Top 10 Defamation Cases of 2019: a selection – Suneet Sharma

31 12 2019

Inforrm reported on a large number of defamation cases from around the world in 2019.  Following my widely read posts on 2017 and 2018 defamation cases, this is my personal selection of the most legally and factually interesting cases from England, Australia and the United States from the past year. Read the rest of this entry »





What Boris Johnson’s election win means for British broadcasting – Kerry Traynor

30 12 2019

No sooner had the ballots closed than Boris Johnson’s new government was advancing and accelerating its attack on public service broadcasting, threatening to decriminalise nonpayment of the licence fee, boycott the BBC’s flagship Today programme and review the remit of Channel 4. Read the rest of this entry »





Case Law, Australia: Wagner v Nine Network Australia PL, 60 Minutes indefensible defamation: $4 more million for the Wagner family – Justin Castelan

29 12 2019

Denis, John, Neill and Joe Wagner operated a quarry in Grantham in Queensland. In January 2011, there was a flood that devastated the town and killed 12 people. A Commission of Inquiry made findings that the disaster was a natural event and no human action caused it or could have prevented it – not much of a story, so the media persisted. Read the rest of this entry »





Case Law: Triplark Ltd v Northwood Hall, Trial of preliminary issues on meaning and opinion – James Downes

27 12 2019

On 19 December 2019, Warby J gave Judgment in the case of Triplark Limited v  Northwood Hall (Freehold) Limited (2) Philip Whale (3) David Wismayer [2019] EWHC 3494 (QB).  He found that the words complained of made a number of factual allegations defamatory of the Claimant. Read the rest of this entry »





Election coverage: thanks to Brexit, Labour had a media mountain to climb – David Deacon, David Smith and Dominic Wring

24 12 2019

You don’t have to deny the growing political significance of social media to accept that the mainstream media continue to play a vital role in informing and priming public opinion during elections. Moreover, both worlds are deeply connected. Fewer people are buying newspapers but plenty are accessing the same content online. Read the rest of this entry »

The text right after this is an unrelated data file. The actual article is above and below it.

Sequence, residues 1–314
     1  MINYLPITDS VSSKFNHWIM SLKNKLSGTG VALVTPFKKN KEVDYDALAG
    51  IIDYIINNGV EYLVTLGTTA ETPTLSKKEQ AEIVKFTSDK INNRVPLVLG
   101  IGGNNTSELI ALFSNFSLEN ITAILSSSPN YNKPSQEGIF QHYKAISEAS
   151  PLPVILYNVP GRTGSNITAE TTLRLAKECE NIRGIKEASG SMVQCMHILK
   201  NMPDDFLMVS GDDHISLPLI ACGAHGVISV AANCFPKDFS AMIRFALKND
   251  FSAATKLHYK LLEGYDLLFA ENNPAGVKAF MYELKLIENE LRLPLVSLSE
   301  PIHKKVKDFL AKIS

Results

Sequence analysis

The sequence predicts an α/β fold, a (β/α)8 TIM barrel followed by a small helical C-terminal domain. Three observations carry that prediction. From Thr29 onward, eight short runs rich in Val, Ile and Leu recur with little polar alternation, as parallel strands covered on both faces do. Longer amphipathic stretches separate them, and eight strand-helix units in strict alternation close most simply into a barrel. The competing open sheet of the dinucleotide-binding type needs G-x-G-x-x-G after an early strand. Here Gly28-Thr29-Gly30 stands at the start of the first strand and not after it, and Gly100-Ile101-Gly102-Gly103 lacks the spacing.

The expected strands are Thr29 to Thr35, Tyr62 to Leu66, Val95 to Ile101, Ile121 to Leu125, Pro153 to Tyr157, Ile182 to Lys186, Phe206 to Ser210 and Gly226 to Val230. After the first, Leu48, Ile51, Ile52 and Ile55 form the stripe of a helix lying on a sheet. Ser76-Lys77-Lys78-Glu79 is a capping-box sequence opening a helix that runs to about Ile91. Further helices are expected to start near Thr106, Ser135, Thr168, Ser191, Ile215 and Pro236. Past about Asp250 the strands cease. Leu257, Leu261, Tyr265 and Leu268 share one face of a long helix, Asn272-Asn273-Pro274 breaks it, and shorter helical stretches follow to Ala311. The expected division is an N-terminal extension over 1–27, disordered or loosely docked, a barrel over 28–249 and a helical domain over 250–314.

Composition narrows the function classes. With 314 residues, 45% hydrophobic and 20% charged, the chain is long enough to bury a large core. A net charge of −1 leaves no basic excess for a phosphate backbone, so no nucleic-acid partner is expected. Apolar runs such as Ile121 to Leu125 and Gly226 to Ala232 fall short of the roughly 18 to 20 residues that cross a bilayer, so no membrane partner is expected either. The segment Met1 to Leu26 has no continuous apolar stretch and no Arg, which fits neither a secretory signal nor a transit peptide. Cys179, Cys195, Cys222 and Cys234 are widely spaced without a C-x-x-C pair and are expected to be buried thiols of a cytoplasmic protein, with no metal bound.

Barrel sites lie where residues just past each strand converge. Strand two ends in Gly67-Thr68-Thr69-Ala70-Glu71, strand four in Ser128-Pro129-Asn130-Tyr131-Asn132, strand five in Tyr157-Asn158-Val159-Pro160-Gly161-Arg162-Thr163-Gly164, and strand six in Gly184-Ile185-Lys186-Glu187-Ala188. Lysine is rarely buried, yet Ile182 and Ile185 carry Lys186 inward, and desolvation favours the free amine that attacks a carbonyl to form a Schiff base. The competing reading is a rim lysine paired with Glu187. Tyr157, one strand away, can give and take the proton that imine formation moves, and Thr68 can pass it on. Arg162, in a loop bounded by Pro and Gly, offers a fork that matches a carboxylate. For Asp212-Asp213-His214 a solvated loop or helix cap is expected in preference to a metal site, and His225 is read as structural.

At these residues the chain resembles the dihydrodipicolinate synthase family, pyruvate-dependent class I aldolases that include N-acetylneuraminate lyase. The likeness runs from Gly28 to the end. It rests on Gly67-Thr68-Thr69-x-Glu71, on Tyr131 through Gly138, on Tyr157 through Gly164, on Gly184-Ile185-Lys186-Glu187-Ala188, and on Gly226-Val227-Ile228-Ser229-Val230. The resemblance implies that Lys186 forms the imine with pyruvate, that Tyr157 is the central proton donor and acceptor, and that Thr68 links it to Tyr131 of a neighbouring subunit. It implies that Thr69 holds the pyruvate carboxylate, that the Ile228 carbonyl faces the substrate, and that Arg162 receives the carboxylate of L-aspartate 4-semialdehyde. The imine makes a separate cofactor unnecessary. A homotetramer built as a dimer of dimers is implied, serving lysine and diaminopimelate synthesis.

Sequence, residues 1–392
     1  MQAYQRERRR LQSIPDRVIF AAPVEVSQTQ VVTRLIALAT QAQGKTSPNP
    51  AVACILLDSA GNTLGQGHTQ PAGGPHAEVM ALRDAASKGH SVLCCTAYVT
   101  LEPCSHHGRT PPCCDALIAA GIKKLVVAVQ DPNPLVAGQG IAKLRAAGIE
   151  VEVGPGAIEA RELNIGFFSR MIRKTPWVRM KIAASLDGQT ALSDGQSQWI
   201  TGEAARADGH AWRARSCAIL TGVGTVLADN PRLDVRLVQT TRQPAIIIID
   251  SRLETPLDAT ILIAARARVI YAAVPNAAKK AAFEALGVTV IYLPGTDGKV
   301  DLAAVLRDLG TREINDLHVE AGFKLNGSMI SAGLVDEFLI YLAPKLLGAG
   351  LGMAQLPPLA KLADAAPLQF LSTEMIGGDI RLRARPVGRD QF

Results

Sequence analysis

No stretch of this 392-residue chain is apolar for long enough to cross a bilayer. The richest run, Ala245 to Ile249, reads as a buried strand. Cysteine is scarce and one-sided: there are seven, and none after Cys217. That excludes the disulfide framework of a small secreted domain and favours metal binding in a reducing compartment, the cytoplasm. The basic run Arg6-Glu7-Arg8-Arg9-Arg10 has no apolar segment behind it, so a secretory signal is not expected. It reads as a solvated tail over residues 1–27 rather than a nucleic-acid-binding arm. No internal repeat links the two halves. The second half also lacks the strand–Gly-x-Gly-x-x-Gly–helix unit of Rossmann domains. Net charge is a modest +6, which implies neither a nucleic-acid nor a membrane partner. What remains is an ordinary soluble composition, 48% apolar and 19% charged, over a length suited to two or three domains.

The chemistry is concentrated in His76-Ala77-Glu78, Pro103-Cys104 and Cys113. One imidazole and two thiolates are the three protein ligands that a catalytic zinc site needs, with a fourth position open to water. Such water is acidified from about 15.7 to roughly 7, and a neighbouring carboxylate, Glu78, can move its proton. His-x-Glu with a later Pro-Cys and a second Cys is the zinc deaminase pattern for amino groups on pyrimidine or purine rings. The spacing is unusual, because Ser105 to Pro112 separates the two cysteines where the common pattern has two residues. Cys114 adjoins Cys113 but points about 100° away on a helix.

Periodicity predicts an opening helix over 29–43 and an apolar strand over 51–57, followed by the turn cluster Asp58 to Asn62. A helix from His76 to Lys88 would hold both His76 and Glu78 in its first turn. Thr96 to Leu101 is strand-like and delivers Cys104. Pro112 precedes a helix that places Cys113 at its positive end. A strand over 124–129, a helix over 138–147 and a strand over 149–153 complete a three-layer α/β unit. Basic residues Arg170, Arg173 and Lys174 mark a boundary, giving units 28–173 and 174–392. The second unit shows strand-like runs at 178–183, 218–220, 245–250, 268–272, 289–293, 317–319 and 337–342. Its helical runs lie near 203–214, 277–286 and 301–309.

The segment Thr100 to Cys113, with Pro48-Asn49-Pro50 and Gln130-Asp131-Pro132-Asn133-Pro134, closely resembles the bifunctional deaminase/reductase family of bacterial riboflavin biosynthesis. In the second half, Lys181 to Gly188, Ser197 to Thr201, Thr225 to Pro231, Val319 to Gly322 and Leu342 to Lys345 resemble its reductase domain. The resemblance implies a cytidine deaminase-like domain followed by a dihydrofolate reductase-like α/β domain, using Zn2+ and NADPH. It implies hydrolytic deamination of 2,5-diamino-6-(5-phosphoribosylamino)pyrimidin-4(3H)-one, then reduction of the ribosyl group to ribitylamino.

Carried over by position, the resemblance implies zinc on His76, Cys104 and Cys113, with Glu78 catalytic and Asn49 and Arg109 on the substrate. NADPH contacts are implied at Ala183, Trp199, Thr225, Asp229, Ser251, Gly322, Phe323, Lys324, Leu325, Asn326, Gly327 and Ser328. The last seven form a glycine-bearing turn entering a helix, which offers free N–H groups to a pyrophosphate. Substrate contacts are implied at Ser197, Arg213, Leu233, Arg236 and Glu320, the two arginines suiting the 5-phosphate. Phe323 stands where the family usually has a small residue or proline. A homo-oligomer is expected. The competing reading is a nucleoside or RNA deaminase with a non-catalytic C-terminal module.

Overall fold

Case Law, Strasbourg: Tagiyev and Huseynov v. Azerbaijan, Journalist and editor’s conviction for incitement to religious hatred violated Article 10 – Ronan Ó Fathaigh and Dirk Voorhoof

23 12 2019

In Tagiyev and Huseynov v. Azerbaijan, the European Court of Human Rights unanimously held that the conviction and imprisonment of Azerbaijani journalist Rafig Nazir oglu Tagiyev, and editor Samir Sadagat oglu Huseynov, for incitement to religious hatred, violated their right to freedom of expression under Article 10 ECHR. Read the rest of this entry »





Inforrm is taking a winter break

21 12 2019

Now that the legal term has ended, Inforrm is taking a winter break for a few weeks to allow the editorial team to relax. We will have a some occasional posts over the next fortnight but the full normal service will not be resumed until 13 January 2020. Read the rest of this entry »





Ireland: Damages for Data Protection Breaches 2, Why Murphy v Callinan is wrong – Eoin O’Dell

20 12 2019

In my previous post in this series, I argued (yet again) that Collins v FBD Insurance plc [2013] IEHC 137 (14 March 2013) was wrongly decided. It precludes a claim for damages for distress for breach of data protection rights, pursuant to section 7 of the Data Protection Act, 1988 (also here) [hereafter: section 7 DPA88]. Read the rest of this entry »





Ireland: Damages for Data Protection Breaches, 1: Why Collins v FBD Insurance is wrong (again) – Eoin O’Dell

19 12 2019

A story in the newspapers this morning has made me think once again about some of the weaknesses in Irish law relating to damages for data protection infringements. Read the rest of this entry »





Facebook to reopen CasaPound Italy’s page, Victory for freedom of speech? – Nataly Tedone

18 12 2019

On 12 December 2019 a civil court in Rome ruled in favour of CasaPound Italy (CPI) against Facebook’s decision to close the far-right party’s profile in September and ordered the social network to reopen it with immediate effect and pay the group €800 for each day the account has been closed. Read the rest of this entry »